But hey, it's just a cake batter. A grey cake batter, but a cake batter nonetheless

Put the mix into patty cake pans and put them in a 180 degree oven for 17 minutes..

This is how they turned out

Moist, light, soft and really delicious!

MONT's already eaten 4 of them!

Wednesday, December 19, 2012

Limoncello - bottled and ready to drink

It's all done and looks fabulous

And yes, it tastes pretty good too

Line a funnel with some gauze and place it in the bottle...then  pour the lemony liquid in...

That's all there is to it really.

Thursday, November 22, 2012

Limoncello - the wait continues....

Here's the rest of the Limoncello process...

After making the sugar syrup and allowing it to cool the vodka/lemon zest mix and sugar syrup into a large container.

Mix around a bit, seal ...

...and place in a dark cupboard for the next 30 days

Now all you have to do is wait...

So far though, it's looking good!

The final process:  Now I know I said you only let this stand for another day before straining and putting the mix into bottles...but I'm changing it a bit. Let the entire mix stay in the container in the back of the cupboard for a month to let the flavour intensify.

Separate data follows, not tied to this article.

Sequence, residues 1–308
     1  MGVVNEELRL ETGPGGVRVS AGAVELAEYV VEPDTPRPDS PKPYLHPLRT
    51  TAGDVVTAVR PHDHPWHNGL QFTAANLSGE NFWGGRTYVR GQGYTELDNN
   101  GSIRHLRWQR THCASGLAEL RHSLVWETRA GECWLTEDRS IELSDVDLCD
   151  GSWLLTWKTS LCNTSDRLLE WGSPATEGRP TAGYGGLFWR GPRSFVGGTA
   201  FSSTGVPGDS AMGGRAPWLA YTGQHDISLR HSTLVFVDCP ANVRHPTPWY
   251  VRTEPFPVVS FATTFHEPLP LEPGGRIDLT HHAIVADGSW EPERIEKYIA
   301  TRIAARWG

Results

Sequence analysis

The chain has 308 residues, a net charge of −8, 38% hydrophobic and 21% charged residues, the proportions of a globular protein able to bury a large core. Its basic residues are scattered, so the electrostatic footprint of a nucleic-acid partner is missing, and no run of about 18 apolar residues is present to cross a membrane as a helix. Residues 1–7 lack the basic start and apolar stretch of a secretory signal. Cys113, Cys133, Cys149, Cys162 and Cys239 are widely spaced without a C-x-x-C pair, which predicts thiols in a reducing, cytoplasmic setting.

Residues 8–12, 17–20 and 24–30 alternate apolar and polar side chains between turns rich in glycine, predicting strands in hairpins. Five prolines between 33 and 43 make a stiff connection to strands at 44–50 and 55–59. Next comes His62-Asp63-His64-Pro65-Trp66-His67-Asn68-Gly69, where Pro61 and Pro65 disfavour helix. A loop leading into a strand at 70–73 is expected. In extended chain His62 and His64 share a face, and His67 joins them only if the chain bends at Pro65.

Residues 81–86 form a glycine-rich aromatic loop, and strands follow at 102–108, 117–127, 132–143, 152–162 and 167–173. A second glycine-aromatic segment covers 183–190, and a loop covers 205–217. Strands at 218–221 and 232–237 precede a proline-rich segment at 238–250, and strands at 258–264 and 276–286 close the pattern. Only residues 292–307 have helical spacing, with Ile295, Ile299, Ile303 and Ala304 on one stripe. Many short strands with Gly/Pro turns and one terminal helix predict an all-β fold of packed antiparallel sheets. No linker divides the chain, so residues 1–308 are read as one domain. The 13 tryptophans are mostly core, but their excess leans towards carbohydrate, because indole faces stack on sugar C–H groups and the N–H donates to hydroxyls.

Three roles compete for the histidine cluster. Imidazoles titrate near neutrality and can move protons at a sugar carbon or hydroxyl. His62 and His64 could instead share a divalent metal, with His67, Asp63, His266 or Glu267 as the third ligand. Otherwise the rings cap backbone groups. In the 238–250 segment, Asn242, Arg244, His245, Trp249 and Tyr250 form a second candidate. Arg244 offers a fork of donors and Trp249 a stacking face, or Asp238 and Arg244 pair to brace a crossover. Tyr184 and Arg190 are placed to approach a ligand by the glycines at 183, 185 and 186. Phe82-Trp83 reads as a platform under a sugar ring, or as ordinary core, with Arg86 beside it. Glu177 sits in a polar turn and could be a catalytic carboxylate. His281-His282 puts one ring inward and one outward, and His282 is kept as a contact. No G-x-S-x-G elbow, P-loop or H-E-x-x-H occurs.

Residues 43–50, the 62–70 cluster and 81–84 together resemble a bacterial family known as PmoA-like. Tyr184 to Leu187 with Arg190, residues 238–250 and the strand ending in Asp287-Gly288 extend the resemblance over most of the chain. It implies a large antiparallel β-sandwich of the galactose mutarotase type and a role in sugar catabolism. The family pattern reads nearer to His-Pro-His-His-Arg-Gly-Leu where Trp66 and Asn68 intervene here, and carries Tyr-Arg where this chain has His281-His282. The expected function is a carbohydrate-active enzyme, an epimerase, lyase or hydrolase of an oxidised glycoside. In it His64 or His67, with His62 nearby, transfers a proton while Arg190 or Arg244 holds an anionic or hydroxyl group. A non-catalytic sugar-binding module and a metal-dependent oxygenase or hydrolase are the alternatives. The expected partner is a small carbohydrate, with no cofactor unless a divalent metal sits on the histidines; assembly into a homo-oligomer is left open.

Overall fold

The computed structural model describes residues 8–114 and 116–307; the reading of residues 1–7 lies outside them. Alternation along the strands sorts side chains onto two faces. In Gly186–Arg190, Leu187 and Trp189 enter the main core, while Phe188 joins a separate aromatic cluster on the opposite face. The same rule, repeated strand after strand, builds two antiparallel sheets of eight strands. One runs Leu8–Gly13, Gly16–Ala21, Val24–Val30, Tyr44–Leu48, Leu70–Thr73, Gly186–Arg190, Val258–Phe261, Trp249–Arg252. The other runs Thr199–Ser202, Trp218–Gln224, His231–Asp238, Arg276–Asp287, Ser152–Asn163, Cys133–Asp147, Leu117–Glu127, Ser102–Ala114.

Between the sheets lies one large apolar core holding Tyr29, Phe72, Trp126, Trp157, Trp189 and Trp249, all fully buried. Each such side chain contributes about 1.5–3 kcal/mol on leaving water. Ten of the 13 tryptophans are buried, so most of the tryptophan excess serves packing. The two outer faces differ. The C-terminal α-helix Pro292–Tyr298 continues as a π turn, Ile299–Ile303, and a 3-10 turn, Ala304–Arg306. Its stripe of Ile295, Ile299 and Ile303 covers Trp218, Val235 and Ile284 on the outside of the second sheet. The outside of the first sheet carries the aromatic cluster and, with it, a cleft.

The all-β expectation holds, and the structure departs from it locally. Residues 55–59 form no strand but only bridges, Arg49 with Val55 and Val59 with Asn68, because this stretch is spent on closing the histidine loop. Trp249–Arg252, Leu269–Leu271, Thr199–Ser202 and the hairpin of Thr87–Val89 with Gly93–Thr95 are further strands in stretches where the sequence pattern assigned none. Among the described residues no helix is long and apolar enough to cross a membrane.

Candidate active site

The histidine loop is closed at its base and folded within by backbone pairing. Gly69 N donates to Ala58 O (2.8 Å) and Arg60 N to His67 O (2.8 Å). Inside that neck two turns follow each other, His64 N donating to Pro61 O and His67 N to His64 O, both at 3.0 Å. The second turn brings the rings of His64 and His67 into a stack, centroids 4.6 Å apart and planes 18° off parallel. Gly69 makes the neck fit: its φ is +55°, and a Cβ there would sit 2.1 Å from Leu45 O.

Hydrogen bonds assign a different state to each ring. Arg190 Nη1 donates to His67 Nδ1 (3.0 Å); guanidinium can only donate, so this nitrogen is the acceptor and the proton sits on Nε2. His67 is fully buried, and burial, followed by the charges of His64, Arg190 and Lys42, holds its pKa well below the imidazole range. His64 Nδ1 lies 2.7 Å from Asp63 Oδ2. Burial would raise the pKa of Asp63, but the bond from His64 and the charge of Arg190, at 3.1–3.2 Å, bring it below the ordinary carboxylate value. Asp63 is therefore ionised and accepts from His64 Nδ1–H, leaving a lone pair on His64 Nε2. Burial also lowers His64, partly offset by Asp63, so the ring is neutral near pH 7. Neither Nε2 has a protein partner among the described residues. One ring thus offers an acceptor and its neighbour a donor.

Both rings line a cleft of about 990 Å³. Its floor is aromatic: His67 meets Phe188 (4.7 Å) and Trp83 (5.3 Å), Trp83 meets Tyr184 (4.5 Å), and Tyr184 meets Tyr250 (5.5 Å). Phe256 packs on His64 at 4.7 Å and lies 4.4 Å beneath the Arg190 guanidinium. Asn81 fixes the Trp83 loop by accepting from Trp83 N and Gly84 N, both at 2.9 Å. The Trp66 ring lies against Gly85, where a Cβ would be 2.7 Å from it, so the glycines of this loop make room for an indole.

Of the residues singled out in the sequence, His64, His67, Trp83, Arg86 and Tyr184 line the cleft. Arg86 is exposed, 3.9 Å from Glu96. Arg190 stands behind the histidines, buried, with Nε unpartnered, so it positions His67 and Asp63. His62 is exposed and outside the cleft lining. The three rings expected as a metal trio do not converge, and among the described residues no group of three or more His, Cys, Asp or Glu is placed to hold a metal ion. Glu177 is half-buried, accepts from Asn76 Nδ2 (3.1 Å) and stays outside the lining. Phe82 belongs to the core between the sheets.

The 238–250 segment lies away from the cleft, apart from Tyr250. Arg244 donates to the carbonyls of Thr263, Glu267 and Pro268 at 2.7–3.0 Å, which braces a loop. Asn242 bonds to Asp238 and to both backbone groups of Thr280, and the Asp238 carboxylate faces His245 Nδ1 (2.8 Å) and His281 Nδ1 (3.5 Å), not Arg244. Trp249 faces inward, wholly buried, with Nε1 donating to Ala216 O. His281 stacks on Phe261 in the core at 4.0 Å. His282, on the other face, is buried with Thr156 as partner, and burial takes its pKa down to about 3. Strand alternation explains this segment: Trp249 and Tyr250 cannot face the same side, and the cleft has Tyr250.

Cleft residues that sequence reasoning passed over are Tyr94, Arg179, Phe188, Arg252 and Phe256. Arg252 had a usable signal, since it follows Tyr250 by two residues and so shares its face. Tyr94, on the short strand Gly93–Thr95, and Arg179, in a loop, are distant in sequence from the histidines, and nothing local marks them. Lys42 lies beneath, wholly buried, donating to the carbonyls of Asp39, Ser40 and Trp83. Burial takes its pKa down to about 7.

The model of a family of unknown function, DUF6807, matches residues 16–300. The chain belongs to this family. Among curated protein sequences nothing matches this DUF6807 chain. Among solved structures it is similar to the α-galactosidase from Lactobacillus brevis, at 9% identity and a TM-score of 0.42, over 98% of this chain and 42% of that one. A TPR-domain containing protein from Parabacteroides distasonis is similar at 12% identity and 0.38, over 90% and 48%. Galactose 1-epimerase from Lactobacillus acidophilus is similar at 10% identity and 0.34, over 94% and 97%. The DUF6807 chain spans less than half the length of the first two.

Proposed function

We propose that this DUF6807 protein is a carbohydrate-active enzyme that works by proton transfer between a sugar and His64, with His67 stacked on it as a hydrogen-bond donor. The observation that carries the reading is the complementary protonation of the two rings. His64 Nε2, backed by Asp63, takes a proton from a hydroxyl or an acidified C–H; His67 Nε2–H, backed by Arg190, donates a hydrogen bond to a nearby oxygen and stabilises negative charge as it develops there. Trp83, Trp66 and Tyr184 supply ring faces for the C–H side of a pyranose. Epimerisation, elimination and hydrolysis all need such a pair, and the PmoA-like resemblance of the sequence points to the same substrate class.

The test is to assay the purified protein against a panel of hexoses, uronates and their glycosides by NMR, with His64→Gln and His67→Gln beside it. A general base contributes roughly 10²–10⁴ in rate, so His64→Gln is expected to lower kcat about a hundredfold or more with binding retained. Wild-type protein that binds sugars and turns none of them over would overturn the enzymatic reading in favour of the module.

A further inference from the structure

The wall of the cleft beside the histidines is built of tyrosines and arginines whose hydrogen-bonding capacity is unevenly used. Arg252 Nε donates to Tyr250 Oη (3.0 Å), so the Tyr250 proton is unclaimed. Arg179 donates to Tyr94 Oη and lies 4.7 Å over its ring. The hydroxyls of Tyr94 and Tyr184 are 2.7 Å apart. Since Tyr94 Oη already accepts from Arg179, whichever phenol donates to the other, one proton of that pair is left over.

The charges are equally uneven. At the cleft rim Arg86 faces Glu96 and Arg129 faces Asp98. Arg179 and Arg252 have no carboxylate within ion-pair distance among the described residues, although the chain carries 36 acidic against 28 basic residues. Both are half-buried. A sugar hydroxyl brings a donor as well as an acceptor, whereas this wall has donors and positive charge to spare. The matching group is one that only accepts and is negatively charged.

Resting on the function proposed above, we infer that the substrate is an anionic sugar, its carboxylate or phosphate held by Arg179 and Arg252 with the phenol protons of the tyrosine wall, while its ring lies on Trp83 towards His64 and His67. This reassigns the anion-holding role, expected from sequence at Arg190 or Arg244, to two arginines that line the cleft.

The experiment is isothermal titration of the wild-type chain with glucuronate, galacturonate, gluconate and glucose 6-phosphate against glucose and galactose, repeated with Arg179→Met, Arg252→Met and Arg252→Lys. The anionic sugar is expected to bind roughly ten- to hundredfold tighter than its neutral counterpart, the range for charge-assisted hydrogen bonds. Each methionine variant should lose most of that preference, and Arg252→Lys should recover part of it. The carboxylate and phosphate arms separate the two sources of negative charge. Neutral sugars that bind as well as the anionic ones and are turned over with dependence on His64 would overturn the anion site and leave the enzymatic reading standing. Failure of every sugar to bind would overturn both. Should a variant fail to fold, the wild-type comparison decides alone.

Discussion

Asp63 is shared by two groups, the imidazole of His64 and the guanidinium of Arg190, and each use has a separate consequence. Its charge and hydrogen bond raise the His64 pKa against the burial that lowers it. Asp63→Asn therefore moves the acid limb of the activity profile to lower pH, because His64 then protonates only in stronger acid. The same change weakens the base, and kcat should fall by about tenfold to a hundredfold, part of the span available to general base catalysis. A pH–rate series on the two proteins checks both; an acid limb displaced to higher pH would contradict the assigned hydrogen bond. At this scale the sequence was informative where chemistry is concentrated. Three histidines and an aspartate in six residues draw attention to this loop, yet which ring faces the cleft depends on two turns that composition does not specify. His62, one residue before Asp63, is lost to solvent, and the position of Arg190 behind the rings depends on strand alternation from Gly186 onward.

Time now to drain the Limoncello into sterilised bottles. Use a funnel lined with cheesecloth to make sure you remove all the zest

Seal the bottles, put them in a dark place or fridge and let sit for a few days until ready to drink....on Christmas Day!! The night before Christmas, put the bottle in the fridge so it's nice and chilled for the big day

Wednesday, October 31, 2012

Limoncello - pure sunshine

Making Limoncello is easy just need lemons and alcohol...oh and patience

The process is long but oh so worth it.

Here's the recipe for 2 litres.

I'm making just the one at the moment

Ingredients for 2 litres of Limoncello

- 10 lemons
- 1 kg of sugar
- 1 litre vodka
- 1 litre of water

Grate the lemons with a fine grater and put the zest in a couple of jars with lids. Pour in the vodka and close the containers tightly, letting the mix rest for 15 days in the dark. Make sure you shake it every two days to help distribute the flavour

At this stage, the alcohol will remove all the colour and scent from the lemon zest.

Not a difficult recipe at all huh?

I haven't made the syrup as yet...but here's the rest of the recipe if you'd like to get started

To prepare the syrup... juice the zested lemons, add 1 litre of water and sugar and mix together in a pot. Bring it to the boil then let simmer for a few minutes till it thickens a little and resembles a syrup. Let it cool and refrigerate